The political attacks in the XIXe century

The political attacks in the XIX<sup>e</sup> century

  • Attack on rue Saint-Nicaise in Paris against the 1st consul, 3 Nivôse to 9 (December 24, 1800).

  • Review of the National Guard, Fieschi attack.

    LAMI Eugène (1800 - 1890)

  • Attack on the life of H.M. the Emperor Napoleon III.

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Title: Attack on rue Saint-Nicaise in Paris against the 1st consul, 3 Nivôse to 9 (December 24, 1800).

Author :

Date shown: December 24, 1800

Dimensions: Height 29 - Width 39

Technique and other indications: Watercolor, colored print.

Storage location: National Museum of the Palace of Versailles (Versailles) website

Contact copyright: © Photo RMN-Grand Palais - El Meliani

Picture reference: 75-000392 / invgravures1781

Attack on rue Saint-Nicaise in Paris against the 1st consul, 3 Nivôse to 9 (December 24, 1800).

© Photo RMN-Grand Palais - El Meliani

To close

Title: Review of the National Guard, Fieschi attack.

Author : LAMI Eugène (1800 - 1890)

Creation date : 1846

Date shown: July 13, 1835

Dimensions: Height 57 - Width 277

Technique and other indications: Oil on canvas commissioned by Louis-Philippe for the historical museum of Versailles in 1842

Storage location: National Museum of the Palace of Versailles (Versailles) website

Contact copyright: © Photo RMN-Grand Palais

Picture reference: 19-501519 / MV 5169

Review of the National Guard, Fieschi attack.

© Photo RMN-Grand Palais

To close

Title: Attack on the life of H.M. the Emperor Napoleon III.

Author :

Date shown: January 14, 1858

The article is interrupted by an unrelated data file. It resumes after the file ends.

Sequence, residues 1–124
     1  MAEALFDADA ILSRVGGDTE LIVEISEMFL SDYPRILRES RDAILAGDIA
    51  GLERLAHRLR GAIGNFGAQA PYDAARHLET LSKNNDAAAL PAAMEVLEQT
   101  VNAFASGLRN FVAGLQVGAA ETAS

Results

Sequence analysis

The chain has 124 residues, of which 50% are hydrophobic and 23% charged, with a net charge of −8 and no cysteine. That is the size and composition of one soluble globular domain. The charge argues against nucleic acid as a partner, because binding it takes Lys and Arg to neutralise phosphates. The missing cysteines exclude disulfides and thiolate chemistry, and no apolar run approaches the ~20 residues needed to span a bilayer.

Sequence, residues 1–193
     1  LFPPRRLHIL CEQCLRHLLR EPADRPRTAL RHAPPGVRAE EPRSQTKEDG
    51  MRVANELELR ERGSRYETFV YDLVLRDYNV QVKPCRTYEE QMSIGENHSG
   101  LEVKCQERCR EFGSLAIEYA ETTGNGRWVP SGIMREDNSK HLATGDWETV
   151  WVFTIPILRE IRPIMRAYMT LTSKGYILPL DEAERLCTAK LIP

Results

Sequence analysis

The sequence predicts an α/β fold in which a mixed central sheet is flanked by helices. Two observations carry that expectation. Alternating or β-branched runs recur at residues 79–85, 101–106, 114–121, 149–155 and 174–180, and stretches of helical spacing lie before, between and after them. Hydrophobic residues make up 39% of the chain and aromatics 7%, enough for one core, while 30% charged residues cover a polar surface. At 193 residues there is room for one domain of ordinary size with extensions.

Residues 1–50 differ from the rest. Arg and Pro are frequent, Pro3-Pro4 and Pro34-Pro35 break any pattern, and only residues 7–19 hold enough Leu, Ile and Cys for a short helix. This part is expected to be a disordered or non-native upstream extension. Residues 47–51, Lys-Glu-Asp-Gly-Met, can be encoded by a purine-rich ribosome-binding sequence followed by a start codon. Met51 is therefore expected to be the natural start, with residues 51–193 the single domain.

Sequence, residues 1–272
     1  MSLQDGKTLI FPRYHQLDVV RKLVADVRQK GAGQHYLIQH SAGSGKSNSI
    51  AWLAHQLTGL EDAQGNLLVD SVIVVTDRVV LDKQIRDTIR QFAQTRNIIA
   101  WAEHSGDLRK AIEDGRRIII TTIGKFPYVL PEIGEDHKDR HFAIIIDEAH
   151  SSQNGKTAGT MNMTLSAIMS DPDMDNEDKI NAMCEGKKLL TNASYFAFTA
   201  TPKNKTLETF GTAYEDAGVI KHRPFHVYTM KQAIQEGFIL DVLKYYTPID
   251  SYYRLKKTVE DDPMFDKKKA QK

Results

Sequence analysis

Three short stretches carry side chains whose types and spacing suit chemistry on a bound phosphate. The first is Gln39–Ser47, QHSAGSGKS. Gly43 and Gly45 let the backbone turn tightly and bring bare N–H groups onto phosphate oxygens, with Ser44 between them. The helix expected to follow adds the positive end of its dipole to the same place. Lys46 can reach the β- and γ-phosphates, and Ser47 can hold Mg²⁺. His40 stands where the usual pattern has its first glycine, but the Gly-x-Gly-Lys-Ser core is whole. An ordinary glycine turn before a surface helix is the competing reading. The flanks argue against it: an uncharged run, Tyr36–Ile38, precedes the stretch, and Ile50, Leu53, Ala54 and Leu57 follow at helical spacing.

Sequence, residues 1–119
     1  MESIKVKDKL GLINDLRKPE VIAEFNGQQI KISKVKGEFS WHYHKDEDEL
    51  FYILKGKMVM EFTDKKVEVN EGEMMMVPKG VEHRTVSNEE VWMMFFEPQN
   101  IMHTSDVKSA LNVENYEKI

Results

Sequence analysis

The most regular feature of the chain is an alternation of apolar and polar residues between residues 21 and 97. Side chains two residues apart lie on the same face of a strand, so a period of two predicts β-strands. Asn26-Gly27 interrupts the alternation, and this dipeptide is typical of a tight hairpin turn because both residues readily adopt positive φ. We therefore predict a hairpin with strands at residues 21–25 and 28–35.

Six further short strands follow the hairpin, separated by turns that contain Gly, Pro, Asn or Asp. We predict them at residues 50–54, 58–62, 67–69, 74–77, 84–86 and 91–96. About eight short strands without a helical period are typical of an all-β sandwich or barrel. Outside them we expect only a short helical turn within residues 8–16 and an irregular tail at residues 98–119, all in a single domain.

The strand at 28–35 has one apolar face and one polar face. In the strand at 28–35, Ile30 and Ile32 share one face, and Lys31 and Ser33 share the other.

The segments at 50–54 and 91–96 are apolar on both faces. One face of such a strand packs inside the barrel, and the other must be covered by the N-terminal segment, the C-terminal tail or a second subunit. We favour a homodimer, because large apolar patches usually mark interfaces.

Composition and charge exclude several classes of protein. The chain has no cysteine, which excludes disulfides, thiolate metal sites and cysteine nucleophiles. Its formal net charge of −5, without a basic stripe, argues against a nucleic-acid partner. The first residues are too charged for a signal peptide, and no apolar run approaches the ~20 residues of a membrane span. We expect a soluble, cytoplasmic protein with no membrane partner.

Dimensions: Height 0 - Width 0

Storage location: MuCEM website

Contact copyright: © Photo RMN-Grand Palais - F. Raux

Picture reference: 07-517450 / 53.86.4826C

Attack on the life of H.M. the Emperor Napoleon III.

© Photo RMN-Grand Palais - F. Raux

Publication date: September 2010

Historical context

The increase in political attacks

Under the Ancien Régime, the attacks directed against political figures already existed, as evidenced for example by the assassination of Henri IV by François Ravaillac in 1610. A new spectacular turning point was reached during the great attack on the rue Saint -Nicaise: on December 24, 1800, an "infernal machine" exploded on the passage of the First Consul's car, killing twenty-two and a hundred wounded. During the XIXe century, the phenomenon is amplifying, under the influence of the development of the opinion system and the advent of the media. The acts of subversive violence perpetrated against the sovereigns then culminated in a marked way in the attacks of Fieschi against Louis-Philippe on July 29, 1835 and of Orsini against Napoleon III on January 14, 1858.

Image Analysis

Murderous violence

The political attacks perpetrated in the 19th centurye centuries in urban areas using explosive devices are characterized by their murderous violence: unlike regicide which strikes only its target, they cause many victims in the population. This was the case with the attack on rue Saint-Nicaise, by which the royalist conspiracy wanted to assassinate the First Consul Bonaparte, the day after the coup d'état of 18 Brumaire, while he was trying to pacify the revolt of the chouannerie. As this watercolor print shows, the explosion was so violent that its blast swept away everything in its path, sweeping passers-by, riders, horses and carriages in all directions, tearing or shattering many windows. The brutality of the scene is well captured by the contrast between the rectilinear layout of the street and the facades of the buildings and the disorder that reigns there, as well as by the red watercolor highlights on the clothes of the victims.